Three Key Implications of Facebook’s $19 Billion Acquisition of WhatsApp
You must have already heard how Facebook has agreed to pay $19 billion in shares, stocks and cash to acquire WhatsApp – the messaging service that boasts the patronage of over 450 million users.
Facebook’s announcement has seen market analysts branch into two groups – one group that feels WhatsApp will soon join the likes of Myspace and Bebo, and the other group that speculates that the acquisition of the multilingual messenger would go on to be the next YouTube.
Myspace was acquired for big bucks by News Corporation in 2005 and again in 2011 by Justin Timberlake and the Specific Media Group. Both times it proved to be a bad buy for the acquirers since users drained away quickly.
Google’s acquisition of YouTube in 2006, on the other hand, seemed a bad deal financially for Google at the time. Google paid the founders of the platform $1.65 billion. The acquisition of YouTube did, however, go on to prove the naysayers wrong and continues to flourish as a major social media platform.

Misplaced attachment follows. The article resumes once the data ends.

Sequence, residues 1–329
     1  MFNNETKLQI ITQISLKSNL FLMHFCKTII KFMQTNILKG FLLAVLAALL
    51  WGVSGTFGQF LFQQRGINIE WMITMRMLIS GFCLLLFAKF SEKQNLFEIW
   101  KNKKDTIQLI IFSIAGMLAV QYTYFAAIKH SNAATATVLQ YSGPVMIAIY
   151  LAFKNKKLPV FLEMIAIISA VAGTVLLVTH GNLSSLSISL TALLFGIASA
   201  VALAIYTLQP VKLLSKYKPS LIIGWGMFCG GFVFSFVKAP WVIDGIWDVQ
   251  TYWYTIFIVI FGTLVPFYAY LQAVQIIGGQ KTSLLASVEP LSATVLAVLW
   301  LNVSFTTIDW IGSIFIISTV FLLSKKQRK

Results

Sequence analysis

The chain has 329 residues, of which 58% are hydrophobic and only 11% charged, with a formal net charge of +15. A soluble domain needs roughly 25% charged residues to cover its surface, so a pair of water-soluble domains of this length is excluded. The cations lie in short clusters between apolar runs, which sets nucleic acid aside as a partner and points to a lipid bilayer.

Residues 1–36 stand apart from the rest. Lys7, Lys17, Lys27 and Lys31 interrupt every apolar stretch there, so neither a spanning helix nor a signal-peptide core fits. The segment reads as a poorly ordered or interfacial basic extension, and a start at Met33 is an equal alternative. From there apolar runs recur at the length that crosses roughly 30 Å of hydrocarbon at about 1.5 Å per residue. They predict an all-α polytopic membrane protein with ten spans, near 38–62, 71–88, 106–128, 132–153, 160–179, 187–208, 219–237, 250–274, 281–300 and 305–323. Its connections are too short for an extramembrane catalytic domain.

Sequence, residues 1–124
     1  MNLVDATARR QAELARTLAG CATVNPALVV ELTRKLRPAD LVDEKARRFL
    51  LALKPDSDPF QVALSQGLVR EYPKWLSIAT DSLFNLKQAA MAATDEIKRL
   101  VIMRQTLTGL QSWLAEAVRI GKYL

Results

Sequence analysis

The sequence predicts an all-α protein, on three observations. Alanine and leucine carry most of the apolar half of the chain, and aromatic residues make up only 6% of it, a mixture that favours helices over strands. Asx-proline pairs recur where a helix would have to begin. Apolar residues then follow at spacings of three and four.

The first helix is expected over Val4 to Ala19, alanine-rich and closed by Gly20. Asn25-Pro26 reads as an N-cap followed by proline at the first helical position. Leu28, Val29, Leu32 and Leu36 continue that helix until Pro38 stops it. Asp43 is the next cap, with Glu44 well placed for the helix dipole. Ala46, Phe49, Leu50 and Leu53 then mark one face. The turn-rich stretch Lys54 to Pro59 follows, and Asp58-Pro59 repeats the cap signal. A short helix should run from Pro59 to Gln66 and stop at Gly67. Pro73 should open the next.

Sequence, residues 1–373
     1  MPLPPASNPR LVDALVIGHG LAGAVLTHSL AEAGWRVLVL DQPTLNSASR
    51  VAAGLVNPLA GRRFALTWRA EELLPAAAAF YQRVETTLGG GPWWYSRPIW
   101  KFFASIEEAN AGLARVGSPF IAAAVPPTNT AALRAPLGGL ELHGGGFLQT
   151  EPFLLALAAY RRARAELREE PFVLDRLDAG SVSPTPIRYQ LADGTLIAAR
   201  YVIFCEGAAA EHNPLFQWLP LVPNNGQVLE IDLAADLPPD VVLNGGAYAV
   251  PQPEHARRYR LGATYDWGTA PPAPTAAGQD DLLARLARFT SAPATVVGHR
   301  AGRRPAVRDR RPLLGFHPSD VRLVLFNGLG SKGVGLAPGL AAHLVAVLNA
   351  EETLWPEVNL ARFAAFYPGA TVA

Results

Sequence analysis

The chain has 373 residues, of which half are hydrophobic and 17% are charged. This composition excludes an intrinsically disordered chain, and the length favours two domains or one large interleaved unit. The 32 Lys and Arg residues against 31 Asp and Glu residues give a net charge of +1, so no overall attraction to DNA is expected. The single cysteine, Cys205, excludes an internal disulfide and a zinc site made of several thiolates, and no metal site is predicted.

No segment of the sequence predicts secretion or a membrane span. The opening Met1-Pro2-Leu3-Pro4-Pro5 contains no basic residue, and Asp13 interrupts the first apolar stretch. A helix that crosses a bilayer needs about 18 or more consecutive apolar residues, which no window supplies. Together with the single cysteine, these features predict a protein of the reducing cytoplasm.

While it is too soon to say if the WhatsApp deal will pencil, a few things are clear.
- Facebook will be present, more strongly than ever, on smartphones.
Facebook’s mobile strategy is now core to its business and its future. According to Mark Zuckerberg, Facebook wants to build a bunch of experiences that are mobile-driven.
- You won’t be able to advertise on WhatsApp.
While you can now advertise on Instagram, WhatsApp has no plans to follow suit. The app’s CEO Jan Koum assured users nothing would change for them and the app will stick to its strict no-ads policy. Further, WhatsApp will also stick to its no games and no gimmicks policies.
Implication? WhatsApp will remain a messenger and not turn into a sprawling, multipurpose platform like Facebook.
- Facebook does however have a list of mobile phones for you.
While you cannot advertise directly on WhatsApp, the acquisition opens up new opportunities for businesses to advertise outside of WhatsApp. For $19 billion, Facebook is after mobile users of WhatsApp, a number that currently totals 450 million people. The acquisition of WhatsApp gives Facebook additional access to even more mobile users, particularly those overseas, where WhatsApp is prominent.
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